“In a world where you can’t open your eyes,
isn’t a blindfold all you could ever hope for?”¹
– Have you ever asked yourself why is something included in a history book?
– You mean as to why was something written about or illustrated?
– Yes, for instance.
– Once in awhile it has crossed my mind. Why?
– Just wondering. Now, tell me, did you think about what the writer or artist was trying to accomplish?
– Yes. Probably. Maybe. Geez. “She liked the oddest things. Like the instructions for a toy more than the toy itself. The credits of a movie instead of the movie. The way something was written.”²
– Okay. Interesting. So, did you question whose viewpoint was the one being put forth?
– As to what material or ideological interests the statement serves?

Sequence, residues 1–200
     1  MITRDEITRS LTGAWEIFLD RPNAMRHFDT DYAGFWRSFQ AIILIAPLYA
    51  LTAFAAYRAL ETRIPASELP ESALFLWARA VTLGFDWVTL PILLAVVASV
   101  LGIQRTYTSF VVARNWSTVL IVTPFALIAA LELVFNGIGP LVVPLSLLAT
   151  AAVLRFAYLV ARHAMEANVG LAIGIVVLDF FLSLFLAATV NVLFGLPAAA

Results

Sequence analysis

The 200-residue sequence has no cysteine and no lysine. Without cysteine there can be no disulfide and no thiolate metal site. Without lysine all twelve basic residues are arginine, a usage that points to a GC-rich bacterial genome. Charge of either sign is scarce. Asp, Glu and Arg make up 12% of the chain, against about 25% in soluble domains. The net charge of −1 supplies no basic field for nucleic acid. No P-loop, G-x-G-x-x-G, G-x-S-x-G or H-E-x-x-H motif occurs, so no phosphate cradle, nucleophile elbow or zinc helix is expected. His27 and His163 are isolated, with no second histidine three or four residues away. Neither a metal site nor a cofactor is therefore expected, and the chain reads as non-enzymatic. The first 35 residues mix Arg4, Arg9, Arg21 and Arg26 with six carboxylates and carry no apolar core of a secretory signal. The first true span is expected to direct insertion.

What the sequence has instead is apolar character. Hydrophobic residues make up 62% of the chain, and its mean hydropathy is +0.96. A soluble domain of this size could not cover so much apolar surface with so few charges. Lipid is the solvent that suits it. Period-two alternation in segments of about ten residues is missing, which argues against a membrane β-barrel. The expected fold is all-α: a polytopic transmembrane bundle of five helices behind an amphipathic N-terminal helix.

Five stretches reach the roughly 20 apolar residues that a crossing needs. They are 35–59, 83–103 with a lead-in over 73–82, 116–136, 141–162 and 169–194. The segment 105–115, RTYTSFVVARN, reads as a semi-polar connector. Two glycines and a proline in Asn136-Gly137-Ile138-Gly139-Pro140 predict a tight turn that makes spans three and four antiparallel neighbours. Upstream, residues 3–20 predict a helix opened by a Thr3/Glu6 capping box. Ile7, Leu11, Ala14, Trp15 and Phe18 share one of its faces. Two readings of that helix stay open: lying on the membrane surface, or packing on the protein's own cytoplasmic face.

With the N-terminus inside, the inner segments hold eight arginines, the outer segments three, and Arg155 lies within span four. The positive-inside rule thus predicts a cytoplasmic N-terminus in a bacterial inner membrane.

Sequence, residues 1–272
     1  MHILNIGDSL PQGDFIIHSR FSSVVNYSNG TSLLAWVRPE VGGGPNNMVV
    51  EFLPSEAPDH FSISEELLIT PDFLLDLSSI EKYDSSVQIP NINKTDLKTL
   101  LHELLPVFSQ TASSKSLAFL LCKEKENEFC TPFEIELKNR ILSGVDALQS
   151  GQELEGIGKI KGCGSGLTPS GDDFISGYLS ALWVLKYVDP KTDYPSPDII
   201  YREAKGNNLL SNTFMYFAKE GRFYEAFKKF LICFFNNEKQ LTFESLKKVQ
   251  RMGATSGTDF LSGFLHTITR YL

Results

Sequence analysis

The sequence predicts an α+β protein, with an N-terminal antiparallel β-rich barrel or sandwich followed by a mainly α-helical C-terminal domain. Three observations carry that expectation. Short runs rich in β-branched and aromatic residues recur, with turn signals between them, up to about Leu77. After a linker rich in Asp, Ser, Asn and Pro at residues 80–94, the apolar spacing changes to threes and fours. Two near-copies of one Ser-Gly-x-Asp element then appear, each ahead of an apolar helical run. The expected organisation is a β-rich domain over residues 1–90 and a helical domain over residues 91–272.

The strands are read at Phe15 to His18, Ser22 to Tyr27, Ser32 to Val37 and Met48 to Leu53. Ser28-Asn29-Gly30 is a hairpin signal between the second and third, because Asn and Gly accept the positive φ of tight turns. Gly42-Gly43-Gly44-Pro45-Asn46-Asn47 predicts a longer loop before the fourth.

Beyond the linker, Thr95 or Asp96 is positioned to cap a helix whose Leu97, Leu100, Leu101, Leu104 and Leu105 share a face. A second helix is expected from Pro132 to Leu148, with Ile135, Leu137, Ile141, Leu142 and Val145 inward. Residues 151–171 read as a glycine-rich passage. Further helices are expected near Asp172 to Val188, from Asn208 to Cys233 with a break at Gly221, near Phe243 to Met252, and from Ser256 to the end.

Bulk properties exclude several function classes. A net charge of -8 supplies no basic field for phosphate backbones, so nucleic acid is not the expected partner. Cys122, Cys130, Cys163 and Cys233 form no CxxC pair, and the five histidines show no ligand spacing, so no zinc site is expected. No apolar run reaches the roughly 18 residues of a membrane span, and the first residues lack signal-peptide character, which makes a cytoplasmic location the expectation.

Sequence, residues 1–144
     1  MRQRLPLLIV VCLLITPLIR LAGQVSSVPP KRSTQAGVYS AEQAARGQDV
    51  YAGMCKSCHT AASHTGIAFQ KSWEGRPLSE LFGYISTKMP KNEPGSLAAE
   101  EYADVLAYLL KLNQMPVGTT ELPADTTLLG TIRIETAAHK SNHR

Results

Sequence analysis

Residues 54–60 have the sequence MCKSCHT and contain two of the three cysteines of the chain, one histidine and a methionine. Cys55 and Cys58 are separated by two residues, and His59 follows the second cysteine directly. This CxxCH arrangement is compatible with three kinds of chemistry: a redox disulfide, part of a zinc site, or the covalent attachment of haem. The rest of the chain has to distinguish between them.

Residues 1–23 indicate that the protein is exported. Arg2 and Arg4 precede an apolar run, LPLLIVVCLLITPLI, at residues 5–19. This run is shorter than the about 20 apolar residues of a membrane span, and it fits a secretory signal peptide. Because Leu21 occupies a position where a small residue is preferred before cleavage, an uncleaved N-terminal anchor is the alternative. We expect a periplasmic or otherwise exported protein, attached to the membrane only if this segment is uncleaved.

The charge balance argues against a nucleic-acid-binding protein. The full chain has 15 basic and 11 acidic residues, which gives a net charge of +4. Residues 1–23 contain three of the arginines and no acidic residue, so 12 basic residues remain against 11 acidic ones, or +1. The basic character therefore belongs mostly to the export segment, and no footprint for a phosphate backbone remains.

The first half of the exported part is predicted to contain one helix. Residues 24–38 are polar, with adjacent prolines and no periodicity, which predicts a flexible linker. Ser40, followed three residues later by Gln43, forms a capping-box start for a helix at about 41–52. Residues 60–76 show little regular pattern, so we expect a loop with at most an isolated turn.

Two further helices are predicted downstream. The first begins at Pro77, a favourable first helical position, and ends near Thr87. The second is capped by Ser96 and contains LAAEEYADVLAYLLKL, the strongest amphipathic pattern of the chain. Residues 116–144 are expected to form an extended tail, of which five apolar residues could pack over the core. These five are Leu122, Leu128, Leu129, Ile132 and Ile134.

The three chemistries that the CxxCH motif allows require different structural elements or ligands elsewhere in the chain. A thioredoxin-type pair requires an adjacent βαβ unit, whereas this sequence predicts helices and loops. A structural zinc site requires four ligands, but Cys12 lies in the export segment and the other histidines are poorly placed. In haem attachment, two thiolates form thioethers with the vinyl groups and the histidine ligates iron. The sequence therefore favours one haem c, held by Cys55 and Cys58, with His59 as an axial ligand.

– Yes, for starters.
– And as to whose viewpoints were omitted?
– Well, yes I have. Now, let me ask you. Have you ever tried to rewrite one of the stories found in history books from different points of view? Or with alternate “endings”?
– Yes, of course. Like the centuries of unkept promises undergirding the pipeline fight.
– Oh, really. Well, good then. “It’s better to face madness with a plan than to sit still and let it take you in pieces.”³
- 7 history lessons that help explain tribes’ pipeline protests. Argus Leader.
- All quotes from Bird Box by Josh Malerman
- Art: “Colored Smoke” (details), mixed media on panel by Aydasara Ortega and Rubén Rivera Matos
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